September 21, 2016 - January 13, 2017
John Ahearn, Rehan Ansari, Nicolás Dumit Estévez, Brendan Fernandes, Alicia Grullón, Yoko Inoue, Joan Jonas, Claudia Joskowicz, Kirsten Justesen, Kimsooja, Carlos Martiel, Bruce Nauman, Clifford Owens, Kameelah Janan Rasheed, Emily Roysdon, and Roman Štětina
Bruce Nauman. Dance or Exercise on the Perimeter of a Square (Square Dance), 1967-68. Courtesy Electronic Arts Intermix (EAI), New York.
Enacting Stillness is an exhibition that considers the political potential of slowing down and stopping as forms of resistance, protest, and refusal. An international group of artists in the exhibition engage in practices that challenge and upend our expectations for the continuity of performative compositions, lines of movement, and thought. Working with the disciplines of choreography, theater, moving image, sculpture and performance, the exhibition presents a multivalent reflection on political histories from the Americas to Europe and Asia, with projects that employ a range of gestures and time-based practices to question what unexpected ruptures like meditation, contemplation, rest, and the reversing of movement and time might mean to both the artist and the viewer. The exhibition will be on view September 21, 2016 to January 13, 2017 at The 8th Floor, the exhibition and programming space for The Shelley & Donald Rubin Foundation, located at 17 West 17th Street, New York City.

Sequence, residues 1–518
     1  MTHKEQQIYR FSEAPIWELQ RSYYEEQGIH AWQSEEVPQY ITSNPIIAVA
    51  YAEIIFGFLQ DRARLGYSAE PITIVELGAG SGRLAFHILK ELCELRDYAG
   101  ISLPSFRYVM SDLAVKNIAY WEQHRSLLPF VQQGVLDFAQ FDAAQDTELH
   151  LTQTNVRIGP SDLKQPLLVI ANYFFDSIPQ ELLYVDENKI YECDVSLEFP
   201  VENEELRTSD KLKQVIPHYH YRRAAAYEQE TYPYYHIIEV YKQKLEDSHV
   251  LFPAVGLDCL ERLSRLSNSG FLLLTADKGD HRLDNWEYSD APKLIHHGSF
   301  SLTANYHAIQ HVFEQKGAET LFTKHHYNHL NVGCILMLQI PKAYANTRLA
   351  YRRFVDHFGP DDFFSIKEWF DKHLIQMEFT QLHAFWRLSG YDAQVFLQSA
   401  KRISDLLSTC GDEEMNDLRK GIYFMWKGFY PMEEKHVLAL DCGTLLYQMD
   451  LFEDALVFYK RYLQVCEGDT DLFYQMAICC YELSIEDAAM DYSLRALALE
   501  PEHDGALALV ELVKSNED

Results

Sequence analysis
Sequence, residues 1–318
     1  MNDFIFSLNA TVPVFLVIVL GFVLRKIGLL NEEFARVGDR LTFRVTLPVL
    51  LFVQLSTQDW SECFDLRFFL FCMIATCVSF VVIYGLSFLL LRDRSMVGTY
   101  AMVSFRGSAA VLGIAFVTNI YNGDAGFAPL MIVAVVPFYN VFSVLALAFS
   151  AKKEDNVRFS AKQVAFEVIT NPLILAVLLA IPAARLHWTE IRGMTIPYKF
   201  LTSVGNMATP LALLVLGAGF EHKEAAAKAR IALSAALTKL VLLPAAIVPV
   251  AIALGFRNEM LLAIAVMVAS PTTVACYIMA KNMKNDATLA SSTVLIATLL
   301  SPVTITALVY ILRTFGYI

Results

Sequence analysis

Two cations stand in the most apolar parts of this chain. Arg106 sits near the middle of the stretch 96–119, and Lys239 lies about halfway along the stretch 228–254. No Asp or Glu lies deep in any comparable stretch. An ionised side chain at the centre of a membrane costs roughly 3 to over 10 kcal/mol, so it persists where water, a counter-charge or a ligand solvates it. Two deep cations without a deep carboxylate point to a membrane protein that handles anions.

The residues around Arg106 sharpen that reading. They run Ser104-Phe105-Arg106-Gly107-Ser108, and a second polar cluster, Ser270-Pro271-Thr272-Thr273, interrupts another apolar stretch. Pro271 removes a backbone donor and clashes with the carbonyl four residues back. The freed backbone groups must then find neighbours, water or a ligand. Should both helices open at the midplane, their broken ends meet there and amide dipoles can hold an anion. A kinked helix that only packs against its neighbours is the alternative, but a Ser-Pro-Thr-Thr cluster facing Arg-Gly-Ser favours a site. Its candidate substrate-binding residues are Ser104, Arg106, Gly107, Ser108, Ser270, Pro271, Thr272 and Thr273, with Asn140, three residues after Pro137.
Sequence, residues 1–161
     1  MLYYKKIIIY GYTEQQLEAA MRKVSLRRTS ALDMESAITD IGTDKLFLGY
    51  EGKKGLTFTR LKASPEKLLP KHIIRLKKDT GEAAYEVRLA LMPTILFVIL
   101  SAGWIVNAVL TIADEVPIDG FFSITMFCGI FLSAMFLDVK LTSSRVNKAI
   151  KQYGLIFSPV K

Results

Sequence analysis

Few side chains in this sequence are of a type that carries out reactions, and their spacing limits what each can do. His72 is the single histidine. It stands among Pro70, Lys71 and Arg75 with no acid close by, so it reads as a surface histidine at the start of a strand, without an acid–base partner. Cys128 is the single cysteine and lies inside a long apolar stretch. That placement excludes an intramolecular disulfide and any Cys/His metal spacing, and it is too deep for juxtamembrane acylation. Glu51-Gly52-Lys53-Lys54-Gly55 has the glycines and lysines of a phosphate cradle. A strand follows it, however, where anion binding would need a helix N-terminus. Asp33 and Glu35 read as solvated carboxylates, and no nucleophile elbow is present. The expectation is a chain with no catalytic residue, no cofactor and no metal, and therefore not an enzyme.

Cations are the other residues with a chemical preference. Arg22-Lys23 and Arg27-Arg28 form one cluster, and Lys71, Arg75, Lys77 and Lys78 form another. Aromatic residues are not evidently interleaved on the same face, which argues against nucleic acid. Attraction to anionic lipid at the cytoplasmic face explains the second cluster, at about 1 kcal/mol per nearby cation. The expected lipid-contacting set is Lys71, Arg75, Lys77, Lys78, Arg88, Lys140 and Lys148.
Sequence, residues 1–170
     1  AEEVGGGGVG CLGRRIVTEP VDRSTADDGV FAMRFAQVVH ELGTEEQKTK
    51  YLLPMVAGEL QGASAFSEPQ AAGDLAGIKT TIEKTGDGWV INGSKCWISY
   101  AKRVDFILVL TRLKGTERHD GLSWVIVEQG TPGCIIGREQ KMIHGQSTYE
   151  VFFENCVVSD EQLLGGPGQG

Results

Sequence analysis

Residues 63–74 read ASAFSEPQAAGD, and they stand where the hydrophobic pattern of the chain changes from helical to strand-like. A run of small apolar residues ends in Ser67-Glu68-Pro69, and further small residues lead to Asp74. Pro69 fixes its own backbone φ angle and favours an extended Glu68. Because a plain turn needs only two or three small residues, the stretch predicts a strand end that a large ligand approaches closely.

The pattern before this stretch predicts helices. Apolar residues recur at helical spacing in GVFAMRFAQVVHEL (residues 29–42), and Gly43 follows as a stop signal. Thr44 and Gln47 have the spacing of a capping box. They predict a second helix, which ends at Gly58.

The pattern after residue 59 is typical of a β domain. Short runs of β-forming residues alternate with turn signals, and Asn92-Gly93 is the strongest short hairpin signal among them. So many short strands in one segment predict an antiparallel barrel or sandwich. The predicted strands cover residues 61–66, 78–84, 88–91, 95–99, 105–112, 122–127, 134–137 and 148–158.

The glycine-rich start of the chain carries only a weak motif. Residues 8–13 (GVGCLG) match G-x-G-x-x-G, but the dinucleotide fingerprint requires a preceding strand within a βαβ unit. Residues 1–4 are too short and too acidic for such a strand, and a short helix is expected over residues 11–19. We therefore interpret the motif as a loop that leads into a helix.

Enacting Stillness features artists John Ahearn, Rehan Ansari, Nicolás Dumit Estévez, Brendan Fernandes, Alicia Grullón, Yoko Inoue, Joan Jonas, Claudia Joskowicz, Kirsten Justesen, Kimsooja, Carlos Martiel, Bruce Nauman, Clifford Owens, Kameelah Janan Rasheed, Emily Roysdon, and Roman Štětina. Together, the artists in this exhibition reveal the parallel connections between art and political engagement, between stillness and activation. Each of the artists works with an economy of means to test the limits of performance – for the performer, the viewer, and the participant – provoking us to question how our own positions, whether still or in motion, connect to larger social and political concerns.